UN General Assembly Adopts Resolution On Privacy And SurveillancePublished on 8 January 2014 @ 4:46 pm
By Intellectual Property Watch, Intellectual Property Watch
On 18 December, the United Nations General Assembly adopted by consensus Resolution A/RES/68/167, The right to privacy in the digital age (see page 139 of document A/68/456/Add.2). This Resolution was initially introduced by Brazil and Germany and was subsequently supported by other countries.
The genesis of this resolution is concern regarding the widely reported pervasive surveillance programs revealed by Edward Snowden. While the resolution in question does not directly condemn any particular practice, it can be understood to be criticising some of the practices that have been discussed in the press, in particular pervasive extraterritorial surveillance. While resolutions do not have the same legal effects as treaties, they can nevertheless be considered a form of “soft law”, because they outline agreed positions on specific issues.
Significantly, the resolution calls on the UN High Commissioner for Human Rights to submit a report on the protection and promotion of the right to privacy in the context of domestic and extraterritorial surveillance and/or interception of digital communications and the collection of personal data, including on a mass scale. So the topic will surely be discussed again at the General Assembly.
The Resolution reaffirms existing human rights instruments and notes that technological developments enhance surveillance, interception and data collection capabilities, which may violate or abuse human rights, in particular the right to privacy. It reaffirms that right, recognising that it is important for the realisation of the right to freedom of expression and to hold opinions without interference, one of the foundations of a democratic society.
The importance of the full respect for the freedom to seek, receive and impart information is stressed, emphasising that unlawful or arbitrary surveillance as well as unlawful or arbitrary collection of personal data, as highly intrusive acts, violate the rights to privacy and to freedom of expression.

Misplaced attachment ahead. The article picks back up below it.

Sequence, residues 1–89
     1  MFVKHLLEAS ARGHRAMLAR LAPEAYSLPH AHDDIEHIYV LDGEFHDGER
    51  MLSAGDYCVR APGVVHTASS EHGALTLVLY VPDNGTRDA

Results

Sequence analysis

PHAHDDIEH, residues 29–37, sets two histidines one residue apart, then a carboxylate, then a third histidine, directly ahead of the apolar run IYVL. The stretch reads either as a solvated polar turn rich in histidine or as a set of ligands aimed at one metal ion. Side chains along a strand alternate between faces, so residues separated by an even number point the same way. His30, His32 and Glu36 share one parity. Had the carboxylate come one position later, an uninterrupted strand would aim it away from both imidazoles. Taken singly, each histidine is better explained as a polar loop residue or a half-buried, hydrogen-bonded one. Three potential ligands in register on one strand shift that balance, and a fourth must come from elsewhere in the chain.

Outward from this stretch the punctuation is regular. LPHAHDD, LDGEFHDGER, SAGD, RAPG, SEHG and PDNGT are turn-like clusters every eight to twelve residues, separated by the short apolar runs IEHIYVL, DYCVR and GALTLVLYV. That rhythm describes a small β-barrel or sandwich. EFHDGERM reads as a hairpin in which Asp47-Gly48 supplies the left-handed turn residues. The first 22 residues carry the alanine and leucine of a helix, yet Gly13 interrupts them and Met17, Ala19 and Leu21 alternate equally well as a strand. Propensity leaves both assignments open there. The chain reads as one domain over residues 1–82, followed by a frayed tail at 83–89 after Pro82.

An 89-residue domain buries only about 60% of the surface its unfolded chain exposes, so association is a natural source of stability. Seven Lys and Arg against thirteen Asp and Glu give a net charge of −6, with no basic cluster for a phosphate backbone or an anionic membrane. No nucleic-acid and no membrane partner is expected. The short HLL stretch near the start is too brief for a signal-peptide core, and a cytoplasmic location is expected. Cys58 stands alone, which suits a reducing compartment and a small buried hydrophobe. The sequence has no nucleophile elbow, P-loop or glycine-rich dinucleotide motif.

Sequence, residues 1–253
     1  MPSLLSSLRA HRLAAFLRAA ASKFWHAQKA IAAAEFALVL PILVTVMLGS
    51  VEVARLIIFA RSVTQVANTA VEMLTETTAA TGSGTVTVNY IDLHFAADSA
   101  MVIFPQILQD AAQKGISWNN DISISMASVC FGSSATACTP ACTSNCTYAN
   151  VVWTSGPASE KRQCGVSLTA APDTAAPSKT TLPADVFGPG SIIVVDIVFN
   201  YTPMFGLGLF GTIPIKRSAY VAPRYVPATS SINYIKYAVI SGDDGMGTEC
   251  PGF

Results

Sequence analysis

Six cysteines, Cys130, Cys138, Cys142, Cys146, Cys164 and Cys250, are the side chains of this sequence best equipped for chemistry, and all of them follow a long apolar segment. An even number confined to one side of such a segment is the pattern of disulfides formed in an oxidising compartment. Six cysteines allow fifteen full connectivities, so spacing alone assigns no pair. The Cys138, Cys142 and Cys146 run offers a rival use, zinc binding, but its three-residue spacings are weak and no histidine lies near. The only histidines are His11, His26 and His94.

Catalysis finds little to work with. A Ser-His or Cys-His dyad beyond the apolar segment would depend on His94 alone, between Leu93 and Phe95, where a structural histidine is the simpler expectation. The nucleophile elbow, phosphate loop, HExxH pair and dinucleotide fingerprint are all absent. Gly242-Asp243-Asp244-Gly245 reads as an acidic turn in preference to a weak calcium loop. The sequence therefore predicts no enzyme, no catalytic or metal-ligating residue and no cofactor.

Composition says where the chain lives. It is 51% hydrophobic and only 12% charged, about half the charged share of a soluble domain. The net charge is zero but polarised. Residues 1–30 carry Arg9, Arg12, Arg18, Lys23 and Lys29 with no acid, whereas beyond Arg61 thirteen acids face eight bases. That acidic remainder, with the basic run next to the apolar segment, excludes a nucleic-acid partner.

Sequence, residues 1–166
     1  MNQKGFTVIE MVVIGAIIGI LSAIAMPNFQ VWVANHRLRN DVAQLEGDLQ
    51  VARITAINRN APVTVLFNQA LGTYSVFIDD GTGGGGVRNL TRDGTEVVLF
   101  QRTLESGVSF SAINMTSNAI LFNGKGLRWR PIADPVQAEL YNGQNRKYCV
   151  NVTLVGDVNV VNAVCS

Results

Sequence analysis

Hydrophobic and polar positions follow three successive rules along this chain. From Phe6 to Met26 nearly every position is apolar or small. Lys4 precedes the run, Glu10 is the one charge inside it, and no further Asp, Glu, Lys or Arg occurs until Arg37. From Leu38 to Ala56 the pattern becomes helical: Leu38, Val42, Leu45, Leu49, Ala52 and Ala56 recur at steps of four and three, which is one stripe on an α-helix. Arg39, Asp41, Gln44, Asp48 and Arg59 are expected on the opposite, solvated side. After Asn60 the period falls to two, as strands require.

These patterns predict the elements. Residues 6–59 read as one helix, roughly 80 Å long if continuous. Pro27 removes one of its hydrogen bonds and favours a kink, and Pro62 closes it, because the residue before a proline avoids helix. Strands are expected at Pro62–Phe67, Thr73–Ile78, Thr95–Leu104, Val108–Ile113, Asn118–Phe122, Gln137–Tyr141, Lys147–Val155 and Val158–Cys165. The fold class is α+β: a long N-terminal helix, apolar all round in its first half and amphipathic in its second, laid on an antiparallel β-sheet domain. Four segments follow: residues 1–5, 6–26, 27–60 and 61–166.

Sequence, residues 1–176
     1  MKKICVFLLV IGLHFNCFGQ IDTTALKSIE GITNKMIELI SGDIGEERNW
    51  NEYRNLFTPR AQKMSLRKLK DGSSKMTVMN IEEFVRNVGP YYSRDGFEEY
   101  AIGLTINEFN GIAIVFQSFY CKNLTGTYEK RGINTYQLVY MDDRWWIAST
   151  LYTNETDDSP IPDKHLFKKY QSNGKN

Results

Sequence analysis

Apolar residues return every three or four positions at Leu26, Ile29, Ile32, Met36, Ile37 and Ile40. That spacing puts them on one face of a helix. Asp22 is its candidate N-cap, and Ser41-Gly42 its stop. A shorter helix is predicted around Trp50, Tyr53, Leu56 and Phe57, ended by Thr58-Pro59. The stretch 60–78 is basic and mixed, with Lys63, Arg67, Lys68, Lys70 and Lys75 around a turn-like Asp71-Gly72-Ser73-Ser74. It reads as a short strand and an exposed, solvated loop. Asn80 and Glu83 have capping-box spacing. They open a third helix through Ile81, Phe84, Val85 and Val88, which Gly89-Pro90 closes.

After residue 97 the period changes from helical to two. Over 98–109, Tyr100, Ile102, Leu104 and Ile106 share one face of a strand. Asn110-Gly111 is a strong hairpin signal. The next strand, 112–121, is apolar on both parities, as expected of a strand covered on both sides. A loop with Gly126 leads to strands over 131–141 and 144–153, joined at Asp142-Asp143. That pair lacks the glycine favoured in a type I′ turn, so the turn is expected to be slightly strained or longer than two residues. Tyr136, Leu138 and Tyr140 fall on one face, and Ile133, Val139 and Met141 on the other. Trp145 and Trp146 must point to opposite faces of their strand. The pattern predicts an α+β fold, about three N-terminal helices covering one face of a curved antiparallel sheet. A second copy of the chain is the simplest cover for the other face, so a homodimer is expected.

The Resolution notes that while concerns about public security may justify the gathering and protection of certain sensitive information, states must ensure full compliance with their obligations under international human rights law.
Deep concern is expressed at the negative impact that surveillance and/or interception of communications, including extraterritorial surveillance and/or interception of communications, as well as the collection of personal data, in particular when carried out on a mass scale, may have on the exercise and enjoyment of human rights.
The Resolution affirms that the same rights that people have offline must also be protected online, including the right to privacy. And it calls on States to respect the right to privacy; to take measures to put an end to violations of those rights; to review their procedures, practices and legislation regarding surveillance; and to establish or maintain independent, effective domestic oversight mechanisms.
As noted above, the UN High Commissioner for Human Rights is requested to submit a report on these matters.
Contributed by Richard Hill, an independent consultant based in Geneva, Switzerland.
[Note: this article is part of a new feature at Intellectual Property Watch: "Contributed Articles" - occasional editorial contributions by experts who are not affiliated with IP-Watch. This is part of an effort to bring you news on interesting issues we may not have the capacity to cover using our regular staff. These articles are factual to the best of our knowledge and are not intended to be opinion pieces, which would otherwise appear in the Inside Views column.]
Intellectual Property Watch may be reached at email@example.com.
Categories: Access to Knowledge, Copyright Policy, English, Features, Human Rights, Information and Communications Technology/ Broadcasting, ITU/ICANN, Patents/Designs/Trade Secrets, Trademarks/Geographical Indications/Domains, United Nations, US Policy